[Author’s Note: This is the third column in a five-part series on the Western States 100 leading up to the race on June 29th.
Several years ago, Western States 100 Race Director Craig Thornley wrote a a provocative piece on his blog about the Haggin Cup. In the article, Thornley commented on the growth of ultrarunning and the impact that growth was potentially having on the health of runners. In a sincere and pragmatic argument, Thornley suggested that some changes could be warranted in 100-mile races as health issues became more of a concern and as runners take more risks in their training and racing.
This week in AJW’s Taproom, Craig has revised his 2009 post and added some additional commentary. In addition, I have provided some questions at the conclusion of the article intended to generate conversation and guide the discussion. Please enjoy this first-ever Taproom guest columnist, Craig Thornley, Western States RD.]
As one might expect, since the Western States Endurance Run evolved from the Western States Trail Ride (a.k.a. The Tevis Cup ride)–after Gordy Ainsleigh started and finished the 1974 ride without a horse–many of the traditions from the horse race found their way into the run. There’s the 5 a.m. start, the silver belt buckles for sub-24 hour finishers, an absolute cut-off finish time, perpetual cup trophies (Wendell Robie and Drucilla Barner) for the winners, medical checks where runners can be “pulled” from the race, etceteras. And it’s interesting how many of these traditions are now pretty much the norm for all 100-mile runs even if they don’t make much sense today. There is one notable exception that didn’t make its way into the run, and that is the Haggin Cup trophy.
Don’t know what the Haggin Cup trophy is? The Western States Trail Ride, which began in 1955 by Wendell Robie as a “ride” not a “race,” started becoming especially competitive after the first Tevis Cup trophy was awarded to the fastest finisher in 1959. With increasing attention from groups like the Society for the Prevention of Cruelty to Animals (SPCA), which argued that the ride threatened the health of the horses by allowing them to be ridden to exhaustion and even death, an award was created to recognize the horse that arrived at the finish in “the most superior physical condition.”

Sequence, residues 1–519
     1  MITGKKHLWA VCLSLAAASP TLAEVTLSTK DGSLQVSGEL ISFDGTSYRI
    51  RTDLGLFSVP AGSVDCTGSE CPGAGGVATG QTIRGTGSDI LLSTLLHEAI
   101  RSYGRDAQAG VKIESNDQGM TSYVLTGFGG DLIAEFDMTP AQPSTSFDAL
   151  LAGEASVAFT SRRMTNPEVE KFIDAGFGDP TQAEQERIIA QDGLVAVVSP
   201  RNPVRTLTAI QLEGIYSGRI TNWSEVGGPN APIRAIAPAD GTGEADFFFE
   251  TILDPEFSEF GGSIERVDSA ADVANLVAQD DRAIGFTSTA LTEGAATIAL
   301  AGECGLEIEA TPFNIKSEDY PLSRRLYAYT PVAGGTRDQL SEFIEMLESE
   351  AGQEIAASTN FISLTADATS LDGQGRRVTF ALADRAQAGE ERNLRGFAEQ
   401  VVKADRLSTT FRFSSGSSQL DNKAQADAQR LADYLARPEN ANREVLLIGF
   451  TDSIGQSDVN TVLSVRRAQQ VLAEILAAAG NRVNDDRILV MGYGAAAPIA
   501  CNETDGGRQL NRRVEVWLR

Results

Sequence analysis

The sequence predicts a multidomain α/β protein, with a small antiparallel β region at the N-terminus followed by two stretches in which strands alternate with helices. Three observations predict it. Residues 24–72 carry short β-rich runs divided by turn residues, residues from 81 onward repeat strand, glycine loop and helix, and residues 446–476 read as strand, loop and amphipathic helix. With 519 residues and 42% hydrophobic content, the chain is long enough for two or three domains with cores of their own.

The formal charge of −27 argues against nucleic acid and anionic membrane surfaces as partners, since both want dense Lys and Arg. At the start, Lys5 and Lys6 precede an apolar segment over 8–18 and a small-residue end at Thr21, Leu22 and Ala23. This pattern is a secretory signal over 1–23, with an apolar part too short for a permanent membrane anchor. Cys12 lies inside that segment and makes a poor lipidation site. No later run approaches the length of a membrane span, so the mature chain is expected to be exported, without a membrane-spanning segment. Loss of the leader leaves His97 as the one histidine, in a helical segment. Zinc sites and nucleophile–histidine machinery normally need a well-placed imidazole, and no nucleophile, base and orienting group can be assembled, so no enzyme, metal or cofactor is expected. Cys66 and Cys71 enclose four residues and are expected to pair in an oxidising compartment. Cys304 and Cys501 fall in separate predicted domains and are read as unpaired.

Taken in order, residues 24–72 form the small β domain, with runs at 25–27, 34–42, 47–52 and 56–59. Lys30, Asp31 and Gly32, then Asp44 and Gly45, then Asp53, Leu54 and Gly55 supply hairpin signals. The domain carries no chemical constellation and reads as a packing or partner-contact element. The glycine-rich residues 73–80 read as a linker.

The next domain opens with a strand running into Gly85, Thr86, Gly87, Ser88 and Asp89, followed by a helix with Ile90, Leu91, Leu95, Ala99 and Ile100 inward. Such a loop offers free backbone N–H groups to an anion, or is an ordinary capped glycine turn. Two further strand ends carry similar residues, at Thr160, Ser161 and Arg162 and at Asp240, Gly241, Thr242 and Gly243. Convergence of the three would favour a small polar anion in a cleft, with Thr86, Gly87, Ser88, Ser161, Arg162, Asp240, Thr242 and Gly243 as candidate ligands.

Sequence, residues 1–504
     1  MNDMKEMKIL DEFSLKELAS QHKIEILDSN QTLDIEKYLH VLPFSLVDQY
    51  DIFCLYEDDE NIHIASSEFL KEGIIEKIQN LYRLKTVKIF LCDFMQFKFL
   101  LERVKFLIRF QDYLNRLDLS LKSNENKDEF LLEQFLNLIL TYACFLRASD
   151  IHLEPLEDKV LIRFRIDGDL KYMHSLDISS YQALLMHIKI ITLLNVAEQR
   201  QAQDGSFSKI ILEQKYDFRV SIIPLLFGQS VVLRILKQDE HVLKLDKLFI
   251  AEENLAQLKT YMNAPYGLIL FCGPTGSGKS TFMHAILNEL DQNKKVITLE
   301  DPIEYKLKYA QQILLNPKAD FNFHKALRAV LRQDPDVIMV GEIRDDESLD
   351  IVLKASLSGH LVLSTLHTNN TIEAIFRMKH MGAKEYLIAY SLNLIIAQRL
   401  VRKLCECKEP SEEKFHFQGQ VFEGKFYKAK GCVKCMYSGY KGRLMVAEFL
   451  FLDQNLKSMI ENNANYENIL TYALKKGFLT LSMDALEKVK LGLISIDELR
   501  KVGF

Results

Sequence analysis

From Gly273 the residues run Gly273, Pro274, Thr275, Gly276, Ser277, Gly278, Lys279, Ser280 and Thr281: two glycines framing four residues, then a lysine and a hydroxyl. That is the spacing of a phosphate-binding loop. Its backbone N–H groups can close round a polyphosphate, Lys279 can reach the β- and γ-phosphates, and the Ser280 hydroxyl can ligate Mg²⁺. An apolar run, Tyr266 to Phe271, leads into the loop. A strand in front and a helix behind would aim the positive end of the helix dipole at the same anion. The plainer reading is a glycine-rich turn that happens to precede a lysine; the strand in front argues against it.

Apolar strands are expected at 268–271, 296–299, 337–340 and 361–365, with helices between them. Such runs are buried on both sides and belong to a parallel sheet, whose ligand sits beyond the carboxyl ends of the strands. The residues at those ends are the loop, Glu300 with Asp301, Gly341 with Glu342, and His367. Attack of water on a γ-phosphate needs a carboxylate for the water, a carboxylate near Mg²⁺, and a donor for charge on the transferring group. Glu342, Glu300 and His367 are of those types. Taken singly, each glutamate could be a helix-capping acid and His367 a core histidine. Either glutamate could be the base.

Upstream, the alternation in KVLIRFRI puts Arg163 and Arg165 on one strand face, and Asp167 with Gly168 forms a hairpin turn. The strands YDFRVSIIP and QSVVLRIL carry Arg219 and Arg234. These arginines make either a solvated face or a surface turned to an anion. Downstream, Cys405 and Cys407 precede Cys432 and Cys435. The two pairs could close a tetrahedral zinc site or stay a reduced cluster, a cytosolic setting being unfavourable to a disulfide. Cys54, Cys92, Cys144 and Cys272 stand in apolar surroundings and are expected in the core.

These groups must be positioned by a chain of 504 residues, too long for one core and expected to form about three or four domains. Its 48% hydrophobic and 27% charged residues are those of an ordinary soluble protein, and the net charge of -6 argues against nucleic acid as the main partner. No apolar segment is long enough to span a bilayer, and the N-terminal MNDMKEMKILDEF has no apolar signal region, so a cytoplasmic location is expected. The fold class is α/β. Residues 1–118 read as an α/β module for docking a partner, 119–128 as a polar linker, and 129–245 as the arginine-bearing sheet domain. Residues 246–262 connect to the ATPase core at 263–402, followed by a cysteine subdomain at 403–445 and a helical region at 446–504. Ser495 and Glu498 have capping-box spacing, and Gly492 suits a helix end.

Dr. Richard Barsaleau, a veterinarian who joined the race in 1961 and recently passed away at the age of 87, was instrumental in creating this distinction, which he saw as an objective award that would recognize horsemanship, conditioning, and respect for the health of the mounts. But it would also honor a great performance. Starting in 1964, the top ten horses would be judged and the winner awarded the James Ben Ali Haggin Cup. In her book, The Tevis Cup: To Finish is to Win, author Marnye Langer wrote:
“Many people, especially noted horsemen, have come to regard the Haggin Cup as the most prestigious honor one can earn, and the award remains unique in both the sport of endurance and other equestrian pursuits as well.”
It’s rare to win both the Tevis and Haggin cups. Since 1964, there have been 47 winners of the Haggin Cup, but only seven of those riders have also taken home the Tevis Cup the same year.
Should we have a similar award for the WSER? Maybe the Dr. Bob Lind Cup? We could compile the CPK levels, weight change from start to finish, blood pressure, pulse, condition of feet/blisters, and other indicators from the top ten men and women. Runners would be eliminated from judging if they received an IV or were admitted to the hospital. Maybe we run a mile or 5k on the track. Sounds impossible or crazy? As we learned at the recent JimFest, Jim Howard wasn’t even sore and then ran 4 x mile on the track the Tuesday after he won the 1983 race. His times? 4:30, 4:30, 4:40, 4:44.